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Sampling in Educational Research Writing

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Sampling in Educational Research Writing

  1. 1. SAMPLING Educational Research Writing Group 6
  2. 2. •In conducting a study, the researcher may study every member of a given population or just representative sample of that population. • For various reasons, a study of a sample of the population is often done instead of complete enumeration. •The process of choosing a representative sample of population is called SAMPLING.
  3. 3. Selecting the Study Population •The information collected in order to answer the objectives of a study is obtained from cases/individuals or objects. EXAMPLE. In the study of Attitudes of Farmers and Landowners towards Land Reform. The attitudes that will be examined are those of farmers and landowners, and they will most likely be the source of information. These cases or individuals are commonly called research subjects or respondents.
  4. 4. •Once the type of cases to be studied has been determined, the researcher must decide next how the cases will be selected. For this purpose, it is important to distinguish between the total population and the sample from which the data will be collected. •The population is composed of elements, each of which is a potential case in study. Depending on the objectives of the study , the available resources and the available time for the study, a researcher may decide whether to study all the available elements or cases in a population or just a sample from the entire population. The usual practice is to select and study a small sample of the total population. This process is called sampling.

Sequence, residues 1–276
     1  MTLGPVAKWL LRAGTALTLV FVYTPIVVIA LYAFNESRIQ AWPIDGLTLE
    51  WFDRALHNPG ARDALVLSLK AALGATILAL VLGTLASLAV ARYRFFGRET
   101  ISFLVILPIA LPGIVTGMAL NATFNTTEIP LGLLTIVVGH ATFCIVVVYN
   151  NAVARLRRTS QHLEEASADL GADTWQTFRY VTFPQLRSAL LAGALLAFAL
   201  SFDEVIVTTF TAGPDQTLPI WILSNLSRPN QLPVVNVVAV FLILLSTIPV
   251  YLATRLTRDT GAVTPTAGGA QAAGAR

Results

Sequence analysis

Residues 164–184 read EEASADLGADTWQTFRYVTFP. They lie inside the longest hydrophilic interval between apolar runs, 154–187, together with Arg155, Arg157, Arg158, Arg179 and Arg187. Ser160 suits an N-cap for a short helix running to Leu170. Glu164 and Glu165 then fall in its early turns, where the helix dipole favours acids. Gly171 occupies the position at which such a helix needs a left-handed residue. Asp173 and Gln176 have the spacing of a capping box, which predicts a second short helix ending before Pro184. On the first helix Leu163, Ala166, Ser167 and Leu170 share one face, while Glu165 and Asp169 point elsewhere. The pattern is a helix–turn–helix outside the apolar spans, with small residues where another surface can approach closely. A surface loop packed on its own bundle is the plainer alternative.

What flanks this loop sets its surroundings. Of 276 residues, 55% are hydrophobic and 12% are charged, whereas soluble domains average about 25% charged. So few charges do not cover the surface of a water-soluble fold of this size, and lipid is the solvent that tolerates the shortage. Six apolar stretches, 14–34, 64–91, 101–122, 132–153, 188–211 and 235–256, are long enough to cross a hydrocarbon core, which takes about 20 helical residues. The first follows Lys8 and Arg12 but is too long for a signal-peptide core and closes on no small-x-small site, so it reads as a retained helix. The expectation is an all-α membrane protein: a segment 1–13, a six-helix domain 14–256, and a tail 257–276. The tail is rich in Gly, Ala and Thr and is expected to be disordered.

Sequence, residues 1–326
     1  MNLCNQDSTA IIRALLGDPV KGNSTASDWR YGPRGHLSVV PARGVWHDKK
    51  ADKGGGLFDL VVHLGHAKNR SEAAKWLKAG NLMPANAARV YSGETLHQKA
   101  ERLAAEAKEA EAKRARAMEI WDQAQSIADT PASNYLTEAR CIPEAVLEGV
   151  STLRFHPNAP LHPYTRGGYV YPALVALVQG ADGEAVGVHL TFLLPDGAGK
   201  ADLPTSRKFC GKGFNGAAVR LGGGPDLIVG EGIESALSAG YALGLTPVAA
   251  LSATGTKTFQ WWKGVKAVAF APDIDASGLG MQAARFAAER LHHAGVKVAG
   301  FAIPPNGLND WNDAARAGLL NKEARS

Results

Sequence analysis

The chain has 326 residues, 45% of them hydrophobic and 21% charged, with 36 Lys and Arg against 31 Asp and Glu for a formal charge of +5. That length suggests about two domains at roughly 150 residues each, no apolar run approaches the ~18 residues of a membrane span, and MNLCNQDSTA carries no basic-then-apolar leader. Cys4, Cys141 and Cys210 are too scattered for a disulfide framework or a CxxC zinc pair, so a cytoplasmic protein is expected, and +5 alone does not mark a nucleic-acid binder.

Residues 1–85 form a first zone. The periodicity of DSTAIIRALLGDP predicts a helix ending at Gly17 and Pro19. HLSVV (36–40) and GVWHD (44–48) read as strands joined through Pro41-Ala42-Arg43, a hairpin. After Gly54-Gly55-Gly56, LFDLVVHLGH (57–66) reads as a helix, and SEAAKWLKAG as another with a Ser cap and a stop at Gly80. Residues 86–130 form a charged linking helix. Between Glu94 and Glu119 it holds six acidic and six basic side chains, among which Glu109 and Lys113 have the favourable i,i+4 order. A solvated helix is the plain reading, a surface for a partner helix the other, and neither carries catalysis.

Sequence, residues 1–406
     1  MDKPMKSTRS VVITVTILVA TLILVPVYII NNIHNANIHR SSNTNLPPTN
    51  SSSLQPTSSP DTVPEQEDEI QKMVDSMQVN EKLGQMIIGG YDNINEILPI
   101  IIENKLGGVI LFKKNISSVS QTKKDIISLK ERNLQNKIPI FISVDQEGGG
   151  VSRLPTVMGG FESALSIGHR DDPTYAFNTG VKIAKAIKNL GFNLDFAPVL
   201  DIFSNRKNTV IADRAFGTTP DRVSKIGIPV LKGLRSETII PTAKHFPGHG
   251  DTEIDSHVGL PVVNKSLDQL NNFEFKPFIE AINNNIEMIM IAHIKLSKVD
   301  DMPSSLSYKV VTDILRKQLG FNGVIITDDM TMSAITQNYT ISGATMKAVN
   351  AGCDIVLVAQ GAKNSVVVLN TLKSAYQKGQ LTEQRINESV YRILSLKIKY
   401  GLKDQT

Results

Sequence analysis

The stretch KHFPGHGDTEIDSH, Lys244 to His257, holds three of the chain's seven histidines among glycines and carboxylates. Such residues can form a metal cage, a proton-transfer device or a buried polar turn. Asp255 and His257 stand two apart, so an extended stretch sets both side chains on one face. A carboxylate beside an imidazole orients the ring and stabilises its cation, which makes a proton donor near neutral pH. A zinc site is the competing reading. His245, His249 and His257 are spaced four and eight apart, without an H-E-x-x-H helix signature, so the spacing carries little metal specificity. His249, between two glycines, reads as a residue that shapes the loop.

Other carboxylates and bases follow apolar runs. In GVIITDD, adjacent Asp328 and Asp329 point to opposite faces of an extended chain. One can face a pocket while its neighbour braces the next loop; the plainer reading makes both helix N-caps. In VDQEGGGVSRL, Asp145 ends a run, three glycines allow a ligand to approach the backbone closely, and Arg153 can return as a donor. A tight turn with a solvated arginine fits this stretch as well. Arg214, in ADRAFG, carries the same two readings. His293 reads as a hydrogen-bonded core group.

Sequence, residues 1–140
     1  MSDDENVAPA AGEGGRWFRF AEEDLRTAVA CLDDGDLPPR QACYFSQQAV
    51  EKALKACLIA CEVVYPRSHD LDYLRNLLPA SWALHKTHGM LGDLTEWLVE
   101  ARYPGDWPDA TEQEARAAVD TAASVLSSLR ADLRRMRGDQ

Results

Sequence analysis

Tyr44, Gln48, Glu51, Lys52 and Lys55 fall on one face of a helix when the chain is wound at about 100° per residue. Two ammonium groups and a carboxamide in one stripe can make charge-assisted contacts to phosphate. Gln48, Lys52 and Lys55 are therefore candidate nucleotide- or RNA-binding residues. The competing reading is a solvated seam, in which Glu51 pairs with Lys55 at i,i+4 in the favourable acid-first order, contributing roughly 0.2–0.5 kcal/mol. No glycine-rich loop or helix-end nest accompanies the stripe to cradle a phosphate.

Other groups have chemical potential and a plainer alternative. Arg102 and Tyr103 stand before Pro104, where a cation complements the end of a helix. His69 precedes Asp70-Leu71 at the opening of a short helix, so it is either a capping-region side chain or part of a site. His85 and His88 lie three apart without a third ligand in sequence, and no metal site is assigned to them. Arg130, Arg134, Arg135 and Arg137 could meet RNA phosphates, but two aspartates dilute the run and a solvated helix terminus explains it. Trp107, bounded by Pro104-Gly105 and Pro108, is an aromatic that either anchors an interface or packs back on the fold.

5. 5. The Nature of Sampling (Fraenkel and Wallen, 1996) •Sampling is the process of choosing a representative portion of a population or some elements in a population that will represent the entire population. •It is assumed that the characteristics of the chosen elements, called sample, reflect the characteristics of the entire population. In contrast total enumeration or census requires the study of all elements in the population. In the study of sampling, it is important to distinguish the following concepts: population, target population, sampling population, sampling frame and sample.
  6. 6. 1. Population refers to the total number of elements (e.g. items, objects, areas, or individuals) to be studied. For example, in the study of Sexual Attitudes and Practices of Students in Public High Schools in Province A, all students in public high school in the province constitute the study of population. 1. Target Population is the population for which representative information is desired. 2. Sampling Population is the population from which a sample is actually drawn.
  7. 7. 3. Sampling Frame is the list of all elements or sampling units (e.g. items, persons) in a population. The sample is drawn from the sampling frame. 4. Population Elements pertains to an item, an object, an area, or an individual on which data will be taken. It is considered the unit of study. In the example above, a student in a public high school is a population element. 5. Sample refers to an individual, an element or a group of individuals or elements on which information is obtained. The sample is drawn from a population to which research results are generalized.
  8. 8. Why Study a Sample? There are several advantages of studying a sample rather than the total population. Studying a sample is generally cheaper, faster, and yields more accurate results than conducting total enumeration. It is cheaper. Since a sample is smaller than the entire population, collection and processing of data, therefore, costs much less. It is faster. It is definitely quicker to study fewer individuals or elements than an entire population. It is more accurate. Fewer errors are expected in data collection and processing in a study of a sample than in a study of the entire population. It ca yield more comprehensive information. A small sample can be more thoroughly investigated and can yield more comprehensive information than a big population.
  9. 9. Basic Types of Sampling Non-probality Sampling. It is arbitrary (non- random) and is generally subjective. Data gatherers choose sample cases, “as they wish” or “wherever they find them.” Probality Sampling. It is based on the concept of random selection, a procedure that assures that all elements in the population are given an equal chance of being selected as a sample unit.